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Film Room: Joseph Ossai’s relentlessness is the real deal

Ossai has one speed: Full speed.

LSU v Texas Photo by Tim Warner/Getty Images

The Cincinnati Bengals may have gotten a massive steal in the third round of the 2021 NFL Draft, as Texas Longhorns defensive end Joseph Ossai fell right into their laps. This is huge because it is a position with great value and was also a big need for the Bengals.

Cincinnati struggled to get pressure on the quarterback last season. Playing only one season at the position, Ossai demonstrated some raw ability to get after the quarterback, and that is where we’ll start our film review.

Ossai is lined up at the bottom of the screen in this clip. He has an excellent burst off the line of scrimmage and quickly gets to the offensive tackle’s hip. This is important because it puts the lineman in conflict. Will he turn his hips, committing to blocking the outside rush but opening up the inside move, or will he stay square creating the potential for the rusher to take the edge?

Here, he turns, but it is too late; Ossai has already got him. When I first watched this play, I thought Ossai used a push/pull move, but now I believe that the tackle is lunging out in a desperate attempt to slow Ossai’s rush. It is all for naught, and the quarterback is quickly in peril.

Foot speed is important for a pass rusher, as we saw above, but we don’t talk enough about hand speed. This is extremely important for pass rushers.

Ossai is at the top of the screen in this clip. The first thing he does with his hands is strike the right tackle with two hands. Notice how that jolt throws the lineman off balance briefly and allows him to get a step past the tackle. It also sets up what he wants to do next.

Ossai uses his left arm to push the tackle’s right arm inside in an attempt to turn his shoulders. He immediately follows this with a swim move from his right arm.

He is a bit past the quarterback at this point, but Ossai dives forward for the sack.

What’s crazy about Ossai, is that he only played defensive end for one year. He was a linebacker for the Longhorns in 2019. We see the tools he has, but if new defensive line coach Marion Hobby can help him develop a few pass rush moves, he could be a nightmare for offensive tackles.

The Bengals put a strong value on stopping the run, and Ossai has demonstrated success in this area as well. In fact, I’m not convinced that he is the pass-rush-specialist he’s made out to be.

On this play, he strikes the offensive tackle and is responsible for the outside gap, but when the running back cuts inside, Ossai gets off of his block, folds inside, and attacks the hip.

He follows this up with what can only be described as a ferocious tackle. Ossai is a heavy hitter who puts ball carriers down forcefully time and time again. This could make him a real tone-setter for the Bengals defense.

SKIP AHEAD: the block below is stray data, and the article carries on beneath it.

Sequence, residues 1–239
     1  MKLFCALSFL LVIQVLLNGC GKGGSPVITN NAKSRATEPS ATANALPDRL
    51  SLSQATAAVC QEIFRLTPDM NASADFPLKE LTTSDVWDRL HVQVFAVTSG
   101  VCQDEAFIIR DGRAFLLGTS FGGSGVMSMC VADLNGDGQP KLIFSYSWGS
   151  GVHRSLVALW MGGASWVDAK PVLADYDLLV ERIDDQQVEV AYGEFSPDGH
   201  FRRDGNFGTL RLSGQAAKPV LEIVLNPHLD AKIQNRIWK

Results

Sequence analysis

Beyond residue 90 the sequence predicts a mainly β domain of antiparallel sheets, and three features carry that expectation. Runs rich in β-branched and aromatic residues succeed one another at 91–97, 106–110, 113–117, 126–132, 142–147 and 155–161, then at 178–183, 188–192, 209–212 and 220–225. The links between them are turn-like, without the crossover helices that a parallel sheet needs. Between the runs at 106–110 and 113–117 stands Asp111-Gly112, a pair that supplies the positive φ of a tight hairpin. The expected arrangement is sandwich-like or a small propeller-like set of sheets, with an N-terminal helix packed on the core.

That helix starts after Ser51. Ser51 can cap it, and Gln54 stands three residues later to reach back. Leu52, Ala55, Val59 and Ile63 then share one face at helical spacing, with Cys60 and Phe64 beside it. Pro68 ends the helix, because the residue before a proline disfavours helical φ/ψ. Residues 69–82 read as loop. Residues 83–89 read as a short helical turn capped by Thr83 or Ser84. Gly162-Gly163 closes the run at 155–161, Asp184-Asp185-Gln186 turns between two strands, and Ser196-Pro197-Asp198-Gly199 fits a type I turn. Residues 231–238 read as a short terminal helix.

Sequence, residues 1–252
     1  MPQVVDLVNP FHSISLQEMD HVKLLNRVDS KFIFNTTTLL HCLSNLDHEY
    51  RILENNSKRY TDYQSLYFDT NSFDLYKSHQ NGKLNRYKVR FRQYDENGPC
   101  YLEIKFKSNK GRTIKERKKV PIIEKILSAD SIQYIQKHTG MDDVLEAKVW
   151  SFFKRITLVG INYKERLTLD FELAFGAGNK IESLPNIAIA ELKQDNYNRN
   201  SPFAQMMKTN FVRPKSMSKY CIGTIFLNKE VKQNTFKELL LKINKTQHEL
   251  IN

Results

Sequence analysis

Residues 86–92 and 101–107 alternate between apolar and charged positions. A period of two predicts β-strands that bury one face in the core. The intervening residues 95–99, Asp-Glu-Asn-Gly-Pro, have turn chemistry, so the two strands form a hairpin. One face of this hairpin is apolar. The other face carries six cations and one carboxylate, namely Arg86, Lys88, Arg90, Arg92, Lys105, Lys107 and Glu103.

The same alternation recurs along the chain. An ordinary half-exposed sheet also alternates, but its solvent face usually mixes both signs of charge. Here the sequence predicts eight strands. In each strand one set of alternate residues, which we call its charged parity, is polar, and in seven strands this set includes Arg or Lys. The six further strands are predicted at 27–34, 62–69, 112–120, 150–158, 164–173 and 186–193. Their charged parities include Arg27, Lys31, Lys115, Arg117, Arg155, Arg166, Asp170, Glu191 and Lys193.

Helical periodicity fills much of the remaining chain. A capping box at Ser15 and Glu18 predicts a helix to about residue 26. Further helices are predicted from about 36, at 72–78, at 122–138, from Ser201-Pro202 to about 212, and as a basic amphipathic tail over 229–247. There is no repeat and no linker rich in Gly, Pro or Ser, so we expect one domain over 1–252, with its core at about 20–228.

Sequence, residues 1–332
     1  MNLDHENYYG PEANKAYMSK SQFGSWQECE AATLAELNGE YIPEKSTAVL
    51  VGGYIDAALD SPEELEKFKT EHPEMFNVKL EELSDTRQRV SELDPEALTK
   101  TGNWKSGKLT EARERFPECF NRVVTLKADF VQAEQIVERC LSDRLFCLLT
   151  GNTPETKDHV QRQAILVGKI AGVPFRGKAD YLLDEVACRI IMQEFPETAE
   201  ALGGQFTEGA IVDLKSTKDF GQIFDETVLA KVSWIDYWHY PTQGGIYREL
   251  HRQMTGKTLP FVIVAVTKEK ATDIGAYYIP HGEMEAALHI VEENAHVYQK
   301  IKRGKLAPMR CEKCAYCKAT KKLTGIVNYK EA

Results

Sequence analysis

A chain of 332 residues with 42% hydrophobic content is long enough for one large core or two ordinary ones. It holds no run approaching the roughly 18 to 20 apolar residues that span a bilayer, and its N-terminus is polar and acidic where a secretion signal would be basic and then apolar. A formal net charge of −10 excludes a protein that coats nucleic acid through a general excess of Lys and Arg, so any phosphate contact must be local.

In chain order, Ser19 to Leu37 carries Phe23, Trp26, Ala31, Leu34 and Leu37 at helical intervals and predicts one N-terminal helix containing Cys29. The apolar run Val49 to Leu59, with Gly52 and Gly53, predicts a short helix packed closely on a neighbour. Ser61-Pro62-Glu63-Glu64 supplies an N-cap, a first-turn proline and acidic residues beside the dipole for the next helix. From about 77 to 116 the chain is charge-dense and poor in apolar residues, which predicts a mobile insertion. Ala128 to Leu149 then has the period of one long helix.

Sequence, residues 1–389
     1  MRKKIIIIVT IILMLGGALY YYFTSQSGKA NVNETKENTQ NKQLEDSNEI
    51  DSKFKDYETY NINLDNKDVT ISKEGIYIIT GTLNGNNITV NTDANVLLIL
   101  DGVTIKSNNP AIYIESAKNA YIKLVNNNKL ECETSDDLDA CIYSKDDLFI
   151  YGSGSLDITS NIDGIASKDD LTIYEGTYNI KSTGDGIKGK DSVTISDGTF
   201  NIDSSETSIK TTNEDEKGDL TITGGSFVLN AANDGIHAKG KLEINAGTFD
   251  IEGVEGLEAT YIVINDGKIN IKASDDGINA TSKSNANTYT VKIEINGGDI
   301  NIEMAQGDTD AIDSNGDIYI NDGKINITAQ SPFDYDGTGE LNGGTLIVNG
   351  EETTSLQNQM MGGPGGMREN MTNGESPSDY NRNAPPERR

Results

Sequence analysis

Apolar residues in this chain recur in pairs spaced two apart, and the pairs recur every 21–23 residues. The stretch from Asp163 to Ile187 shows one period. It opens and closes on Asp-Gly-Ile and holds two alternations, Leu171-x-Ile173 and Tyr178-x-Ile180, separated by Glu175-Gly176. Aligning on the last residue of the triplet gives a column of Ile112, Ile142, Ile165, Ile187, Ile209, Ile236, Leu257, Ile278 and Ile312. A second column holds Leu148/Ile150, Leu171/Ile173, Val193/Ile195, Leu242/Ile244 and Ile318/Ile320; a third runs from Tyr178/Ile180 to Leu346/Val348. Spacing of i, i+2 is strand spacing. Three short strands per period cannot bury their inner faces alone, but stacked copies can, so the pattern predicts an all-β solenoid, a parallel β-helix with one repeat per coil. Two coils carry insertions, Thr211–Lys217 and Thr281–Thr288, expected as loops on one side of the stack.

Of course, the team to beat in the AFC North is still the Baltimore Ravens (for now), and the Ravens employ a lot of option concepts in their offensive scheme.

In this clip, he is on the backside of the zone read play. He stays square and shuffles down the line of scrimmage. When the quarterback makes his read and keeps the ball, Ossai explodes at an angle to cut off the quarterback’s path. He adjusts as the quarterback tries to cut inside and makes the tackle for a loss.

Obviously this will be much more difficult when it’s Lamar Jackson running the ball, but the skill set and processing are there.

When asked about his motor during his draft day interview Ossai told a story about being pulled out of the game by his coach as a freshman in high school for not chasing the ball carrier after a pass was thrown away from him.

Ossai’s coach told him. “You gotta chase that ball ‘cause there’s that slim chance that it might happen.” Ossai goes on to tell about what happened later in the game, “Same play happened, I ran, I punched the ball out, and ever since then it was like euphoria for me when that happened. Ever since then I gotta get to that ball.”

Ossai’s film is littered with evidence of this, but as his high school coach told him, there is a “slim chance.” So nine out of nine times, he chases and nothing comes from it. This play is the one time.

The ball breaks to the inside, but unlike the play we looked at earlier, Ossai is not able to get off of his block and fold in immediately. Instead, he turns and chases.

Ossai relentlessly pursues the ball carrier, pushing by offensive players and his own teammates alike in the process and eventually makes the tackle.

This play will never appear on a highlight film. Scratch that. It might be on the offense’s highlight film, but this is the type of defensive play that wins games. When a player gives that type of effort, knowing how unlikely it is that he will be the one to make the play, and when he does it over and over again, that is a special player.

Ossai’s tenacity will turn plays that should be 50-yard touchdowns into 30-yard gains, and that gives the defense another chance. That will win you football games.

Ossai’s motor makes him an excellent fit for the type of team that the Bengals’ coaching staff is trying to build. This coupled with his hand and foot quickness, could be a lethal combination.

Having only played defensive end for one season, he still has a lot of room to grow. He’ll need to become more consistent with his get-off, bend, and gap discipline. In order to reach his fullest potential, he will need to develop some quality pass rush moves that amplify his strengths.

All of these things are very much possible for a player who has demonstrated that he is willing to put in the work.